Martha and I planned to have an awesome family, like The Brady Bunch but even cooler, if that’s possible. I would be the dad who enlightened and entertained, somewhere between an extremely hip Pa Ingalls and a self-aware Homer Simpson, while Martha would teach the kids how to eye-roll at their dad’s bad jokes.

Then we discovered that both of our daughters, Ailbhe and Sophie, are on the autistic spectrum. Like most parents, at the start, we only understood autism as a movie trope: social ineptitude married to marvellous maths. ‘No, Aidan, you can’t bring the girls to Vegas,’ Martha would often say. She had a point. They’re not good at maths. We would have lost everything.

Early on, they both struggled in different ways with speech, social interaction and eye contact. I assumed that as they grew, and they lost their childhood love of rough-and-tumble, that I wouldn’t be able to make them similarly smile with words. How could they even begin to understand that Dad’s jokes are of the type that are so bad that they’re actually good? (Although, that’s a concept that Martha seems to struggle with as well.)

One Saturday morning, when Ailbhe was four and Sophie was three, the three of us were in the sitting room together. They were sitting on floor cushions, very much apart. Their relationship back then could be best described as a truce, although they did both love Bear in the Big Blue House, and repetition. I was on the couch, trying to quell the homicidal thoughts I was having about Tutter, the horrendously loud mouse in the Big Blue house. I took out my phone. YouTube suggested a Sesame Street video where Ricky Gervais sings Elmo a lullaby. ‘Oh YouTube, sometimes I think you’re the only one who truly understands me,’ I thought.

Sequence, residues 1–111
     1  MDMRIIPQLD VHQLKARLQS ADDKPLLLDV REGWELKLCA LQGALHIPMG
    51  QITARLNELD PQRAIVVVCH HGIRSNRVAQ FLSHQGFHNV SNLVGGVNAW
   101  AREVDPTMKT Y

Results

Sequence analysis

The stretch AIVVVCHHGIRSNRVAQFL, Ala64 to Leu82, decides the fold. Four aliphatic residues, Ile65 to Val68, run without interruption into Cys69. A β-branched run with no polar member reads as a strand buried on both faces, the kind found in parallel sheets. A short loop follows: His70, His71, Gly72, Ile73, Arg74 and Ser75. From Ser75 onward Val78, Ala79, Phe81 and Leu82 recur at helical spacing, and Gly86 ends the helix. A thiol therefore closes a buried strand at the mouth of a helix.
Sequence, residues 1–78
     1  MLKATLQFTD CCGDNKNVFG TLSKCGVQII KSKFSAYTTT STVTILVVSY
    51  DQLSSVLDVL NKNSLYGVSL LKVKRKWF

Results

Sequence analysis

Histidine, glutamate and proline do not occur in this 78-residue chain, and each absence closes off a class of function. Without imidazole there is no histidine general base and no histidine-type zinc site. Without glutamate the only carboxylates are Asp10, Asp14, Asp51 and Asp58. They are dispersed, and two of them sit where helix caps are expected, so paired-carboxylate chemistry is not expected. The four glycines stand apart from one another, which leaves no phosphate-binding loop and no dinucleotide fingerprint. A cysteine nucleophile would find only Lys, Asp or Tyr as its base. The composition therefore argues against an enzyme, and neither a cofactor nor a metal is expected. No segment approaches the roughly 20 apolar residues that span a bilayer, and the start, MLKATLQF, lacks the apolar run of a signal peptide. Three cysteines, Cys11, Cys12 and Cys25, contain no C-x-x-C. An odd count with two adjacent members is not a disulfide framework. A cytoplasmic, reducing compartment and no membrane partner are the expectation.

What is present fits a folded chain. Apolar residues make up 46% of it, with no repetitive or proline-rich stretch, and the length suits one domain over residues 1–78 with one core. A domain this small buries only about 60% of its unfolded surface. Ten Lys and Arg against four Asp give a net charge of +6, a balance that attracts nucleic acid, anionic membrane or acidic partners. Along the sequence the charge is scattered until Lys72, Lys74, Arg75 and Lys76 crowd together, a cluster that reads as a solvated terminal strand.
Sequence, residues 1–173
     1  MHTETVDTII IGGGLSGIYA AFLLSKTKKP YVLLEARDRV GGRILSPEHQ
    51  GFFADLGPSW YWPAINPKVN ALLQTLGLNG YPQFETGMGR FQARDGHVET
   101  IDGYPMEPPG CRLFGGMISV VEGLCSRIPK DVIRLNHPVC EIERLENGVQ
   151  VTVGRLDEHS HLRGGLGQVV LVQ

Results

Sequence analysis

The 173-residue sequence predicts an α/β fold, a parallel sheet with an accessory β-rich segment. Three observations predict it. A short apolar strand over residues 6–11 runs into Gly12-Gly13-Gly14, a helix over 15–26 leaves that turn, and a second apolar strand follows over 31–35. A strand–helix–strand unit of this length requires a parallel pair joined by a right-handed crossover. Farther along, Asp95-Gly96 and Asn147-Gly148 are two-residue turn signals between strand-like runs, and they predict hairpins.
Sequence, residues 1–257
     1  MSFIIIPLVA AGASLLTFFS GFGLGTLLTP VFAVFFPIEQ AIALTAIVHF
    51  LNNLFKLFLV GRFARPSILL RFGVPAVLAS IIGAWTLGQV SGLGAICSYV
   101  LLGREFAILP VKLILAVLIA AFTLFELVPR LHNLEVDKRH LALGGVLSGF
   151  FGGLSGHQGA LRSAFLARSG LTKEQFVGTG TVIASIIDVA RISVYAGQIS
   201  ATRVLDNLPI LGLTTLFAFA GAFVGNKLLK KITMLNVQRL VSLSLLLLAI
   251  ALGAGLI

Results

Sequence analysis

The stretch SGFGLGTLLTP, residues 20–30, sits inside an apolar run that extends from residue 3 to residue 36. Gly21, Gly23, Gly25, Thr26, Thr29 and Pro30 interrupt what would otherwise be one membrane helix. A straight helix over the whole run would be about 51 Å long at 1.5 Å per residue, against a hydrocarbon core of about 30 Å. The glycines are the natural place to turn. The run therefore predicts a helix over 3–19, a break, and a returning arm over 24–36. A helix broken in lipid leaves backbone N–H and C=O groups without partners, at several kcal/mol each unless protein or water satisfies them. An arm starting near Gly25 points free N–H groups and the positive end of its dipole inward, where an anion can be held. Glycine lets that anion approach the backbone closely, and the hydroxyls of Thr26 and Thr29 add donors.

As I watched it, something happened that had never happened before. The girls climbed up and sat either side of me. When I laughed at the silly bits in the video, they laughed too. When the video ended Ailbhe said, ‘Again!’ I looked at Sophie, and she was actually looking back at me! She couldn’t speak, but I knew what her eyes were saying: ‘What are you waiting for, Dad? Murder that repeat button.’

With therapy, Ailbhe’s speech improved so much over the years that one day I was able to take her to a kids’ comedy show. She even developed taste. Afterwards she said, ‘Dad, why can’t you write jokes as good as that?’

Recently, Sesame Street introduced a character with autism called Julia. When I watched that video for the first time, my eyes welled up. Julia is so like Sophie. She plays, she sings, she can speak her needs, and while she often requires a lot of patience, she also has a beautiful laugh. Julia even has red hair too, although Sophie’s skin is a little pinker.

If you want to dispel some of myths about autism google the video, and murder that repeat button.


My book, “Corn Flakes for Dinner – a heartbreaking comedy about family life” is available in all good Irish bookstores and in all the usual places online.


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